And more importantly, and just as importantly, I want to tell you this sort of story. You remember when we came over here telling all these great stories about World Color and 10 years and how we took this business. It was losing a lot of money, its $600 million of revenues, no profits and sold it for $3 billion and everybody made money. And we talked about the Moore Corporation, how we turned that thing around. A couple of other investments we made, we didn't even acquire the company, we made money on it. And then Cenveo came up. And that baby was hanging around, $1.25, $1.50 a share on their stock price. And the first year that we took this over -- we took it over in a proxy and by that first year, that stock was $14.23 in one quarter. Naturally, we had some other stuff -- roadshows and stuff during the proxy buy that helped build that up. But it was $14.23. The next year, in 2006, it was $21.81. This is the Cenveo stock that you own today. In 2007, the stock was $26.78. I remember this, he's called financial consultant, he's a guy where I have -- what money we have that's not in Cenveo stock. He said you really ought to think about selling some of that stock when it was a $30 a share or $26 a share and I sort of laughed at him and told him we don't do those things. And then the next year, when we started getting close to the recession, the stocks sort of went from $18 to $2.24. And then when we look at '09 and '10 and '11 and '12 and '13, we realized by doing this study to figure out what we were doing, we were lowering our price by 5% in one of our market segments to be competitive with what was going on in the industry. 5%. And we were all part of that looking at -- we needed to drop our prices 5% to even be competitive to get the pricing. Even though we were the best manufacturing and dependable kind of printer out there, we were losing 5% every year. So that 5%, ladies and gentlemen, is $25 million a year. So that's $25 million that I owe you and someone owes me to get back -- to come back down to EBITDA. And I know where that is. And I'm telling you, if we get this deal done, that's what's going to happen. And those numbers are numbers that I didn't put together in a dream. I had all our financial people look at it and we had our people running the business look at it. That's $25 million a year that's going to be coming in the right direction.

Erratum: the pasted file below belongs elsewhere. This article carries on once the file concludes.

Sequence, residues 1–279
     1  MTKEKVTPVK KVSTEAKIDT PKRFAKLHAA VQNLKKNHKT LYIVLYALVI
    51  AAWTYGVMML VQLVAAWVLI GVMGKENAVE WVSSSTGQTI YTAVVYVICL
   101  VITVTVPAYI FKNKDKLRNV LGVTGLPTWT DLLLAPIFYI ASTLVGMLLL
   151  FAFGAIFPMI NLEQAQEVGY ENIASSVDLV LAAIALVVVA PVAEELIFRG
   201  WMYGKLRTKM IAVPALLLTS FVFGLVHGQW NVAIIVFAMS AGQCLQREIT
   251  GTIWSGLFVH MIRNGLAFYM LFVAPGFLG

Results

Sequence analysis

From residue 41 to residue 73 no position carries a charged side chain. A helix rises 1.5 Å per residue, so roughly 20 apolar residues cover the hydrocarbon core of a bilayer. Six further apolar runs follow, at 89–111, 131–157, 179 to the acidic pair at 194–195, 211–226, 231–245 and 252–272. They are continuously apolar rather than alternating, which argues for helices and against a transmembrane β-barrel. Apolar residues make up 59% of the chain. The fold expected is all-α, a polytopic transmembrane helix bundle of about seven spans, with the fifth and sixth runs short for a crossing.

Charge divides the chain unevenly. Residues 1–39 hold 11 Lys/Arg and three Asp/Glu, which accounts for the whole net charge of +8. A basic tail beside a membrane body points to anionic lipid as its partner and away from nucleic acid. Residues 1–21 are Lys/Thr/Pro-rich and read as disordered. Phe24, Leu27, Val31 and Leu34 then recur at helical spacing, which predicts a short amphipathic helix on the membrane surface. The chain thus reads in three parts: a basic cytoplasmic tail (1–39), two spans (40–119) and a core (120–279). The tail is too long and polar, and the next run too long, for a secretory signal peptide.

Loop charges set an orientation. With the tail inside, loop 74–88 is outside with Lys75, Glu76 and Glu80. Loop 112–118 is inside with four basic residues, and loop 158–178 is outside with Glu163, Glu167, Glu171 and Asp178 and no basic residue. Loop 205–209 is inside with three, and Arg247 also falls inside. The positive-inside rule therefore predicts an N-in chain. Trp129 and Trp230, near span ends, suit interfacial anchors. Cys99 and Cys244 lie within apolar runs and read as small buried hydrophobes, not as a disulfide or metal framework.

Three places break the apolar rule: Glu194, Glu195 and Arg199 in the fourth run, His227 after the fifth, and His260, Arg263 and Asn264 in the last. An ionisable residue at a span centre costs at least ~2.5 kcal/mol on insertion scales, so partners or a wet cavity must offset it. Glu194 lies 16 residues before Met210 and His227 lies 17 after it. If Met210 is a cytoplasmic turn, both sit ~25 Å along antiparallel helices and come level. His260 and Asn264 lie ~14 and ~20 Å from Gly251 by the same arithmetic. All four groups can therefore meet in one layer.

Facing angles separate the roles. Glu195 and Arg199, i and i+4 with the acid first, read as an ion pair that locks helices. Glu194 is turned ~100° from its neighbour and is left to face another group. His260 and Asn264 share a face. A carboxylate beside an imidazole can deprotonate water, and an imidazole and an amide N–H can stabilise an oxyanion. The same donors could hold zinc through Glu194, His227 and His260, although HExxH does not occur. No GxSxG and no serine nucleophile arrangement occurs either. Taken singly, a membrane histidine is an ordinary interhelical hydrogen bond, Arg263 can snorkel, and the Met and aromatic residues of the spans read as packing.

And I want all of you to know that after working some 10 years for KKR or World Color, that $3 billion company, we had nothing but and still have nothing but the highest respect for these small printers out there in the marketplace that are out there every day trying to make a profit. And sometimes, when they acquire a company, it works and sometimes it doesn't. We've done about 72 deals, I have, in the publishing and printing side and all of those have been accretive. If we can add right, they sort of come up the right way.

But our objective on all these deals that we've done are to create jobs -- that would be -- if you create jobs, you can create profit. And I tell our people constantly, when we went through this depression kind of year and you know as well as I do, we reported -- we laid off over 2,000 people and told them every time you lay off 1 person, you affect 10 people's lives. And we take this pretty seriously about these acquisitions as we're taking this as serious about having an opportunity to acquire this and doing something good with it. So our personal objective on all these deals again is to create profit. And we plan to be doing that and be competitive out in the marketplace. And again, our outstanding manufacturing performance has kept us in the game and been able to get us where we're at today.

Even though we got a long way to go, if you looked at the results today, well, we got 3 of our businesses that are doing terrific. We got 1 problem, we'll correct that. And if we get this other situation going and get this done, you're going to see some big, big numbers and I can promise you that.

So as we have on all in the past in the same investor call, we want to follow the same format that -- with some of the changes, this is going to be shortened because we are going to allow more calls. You seem to want to voice your opinion more and I think that's good. And we're going to allow that.

So Scott Goodwin, our CFO will now report on the financial highlights that are not in the press release, but Scott's really been a major player here in all the things that are going on.